At Hindustan Petroleum, we reach this shared understanding by using dialogue tools to discuss important and often contentious issues faced by a team. Through discussions about current reality, we see together the factors that create and sustain our present results. Likewise, the process helps us formulate interventions to collectively change or realign the forces at play as we seek to create our desired future. Without having a collective understanding of the gap between current reality and shared vision, individual action plans would results in disparate and often counterproductive efforts (see “Different Starting Points to the Vision”).



To come to a shared vision of a desired future, the group had to reconcile their different views of current reality. To do so, they used dialogue and the tools of systems thinking

Let me give a concrete example of a situation in which we used dialogue to surface different assumptions and, ultimately, bridge the gap between our current reality and desired future. A few years back, the oil industry in India was undergoing major changes. For the previous three decades, it had been regulated, and only public sector companies were operative in the country. Thus, none of them provided any significantly differentiated services. With the opening of Indian markets to private companies, including multinationals such as Shell, we had to find ways to distinguish ourselves from our competitors.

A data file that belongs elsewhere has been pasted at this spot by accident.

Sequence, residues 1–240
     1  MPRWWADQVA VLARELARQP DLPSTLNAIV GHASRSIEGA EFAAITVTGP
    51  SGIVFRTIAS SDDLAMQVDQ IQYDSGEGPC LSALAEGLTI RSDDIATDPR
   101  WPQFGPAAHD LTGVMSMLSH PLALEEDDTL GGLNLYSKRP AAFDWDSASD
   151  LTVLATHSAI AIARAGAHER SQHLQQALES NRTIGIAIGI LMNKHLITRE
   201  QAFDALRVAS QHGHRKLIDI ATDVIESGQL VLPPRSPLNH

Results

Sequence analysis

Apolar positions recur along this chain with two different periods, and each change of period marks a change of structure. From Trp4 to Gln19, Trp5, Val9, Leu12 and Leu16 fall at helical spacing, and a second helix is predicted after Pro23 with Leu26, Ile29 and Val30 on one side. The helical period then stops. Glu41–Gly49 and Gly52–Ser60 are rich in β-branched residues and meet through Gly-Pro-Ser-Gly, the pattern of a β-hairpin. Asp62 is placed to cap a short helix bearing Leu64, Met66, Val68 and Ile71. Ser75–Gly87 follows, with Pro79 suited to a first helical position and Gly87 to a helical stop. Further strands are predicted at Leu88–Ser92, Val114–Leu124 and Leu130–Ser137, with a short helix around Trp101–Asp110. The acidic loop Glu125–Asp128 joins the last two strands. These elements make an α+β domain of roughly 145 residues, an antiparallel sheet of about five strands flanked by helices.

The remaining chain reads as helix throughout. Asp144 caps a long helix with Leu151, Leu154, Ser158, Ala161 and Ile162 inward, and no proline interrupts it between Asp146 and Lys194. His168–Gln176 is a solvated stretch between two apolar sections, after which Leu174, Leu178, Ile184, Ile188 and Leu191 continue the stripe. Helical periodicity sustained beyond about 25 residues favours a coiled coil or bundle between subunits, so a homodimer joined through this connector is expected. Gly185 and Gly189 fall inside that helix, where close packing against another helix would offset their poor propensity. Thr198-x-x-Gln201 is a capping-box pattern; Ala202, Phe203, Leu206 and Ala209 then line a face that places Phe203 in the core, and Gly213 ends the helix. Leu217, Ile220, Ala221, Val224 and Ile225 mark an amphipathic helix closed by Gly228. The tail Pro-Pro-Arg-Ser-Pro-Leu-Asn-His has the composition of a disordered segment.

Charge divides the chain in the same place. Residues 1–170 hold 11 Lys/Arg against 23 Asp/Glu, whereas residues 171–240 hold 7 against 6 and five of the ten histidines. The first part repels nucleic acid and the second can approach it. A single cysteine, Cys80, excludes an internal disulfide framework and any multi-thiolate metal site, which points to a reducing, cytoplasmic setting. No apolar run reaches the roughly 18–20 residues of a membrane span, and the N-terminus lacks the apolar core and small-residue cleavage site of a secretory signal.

If we just sought to close the gap between our competitors’ superior service and ours, then our reactive response would not have allowed us to gain leadership position in the industry. But if we proactively defined our own vision, took action, and made investments, we believed that the quality of our service would improve (see “Becoming Industry Leaders”). After some delay, customer satisfaction would rise and bring in higher sales and market share; these factors would result in increased profit and enable the organization to make larger investments and further improve service. The reinforcing cycle would help us continuously improve our market share and sales volume.


Use the graphic “Different Starting Points to the Vision” to illustrate the need to reconcile different views of current reality in order to come to a shared vision of the future your group wants to create.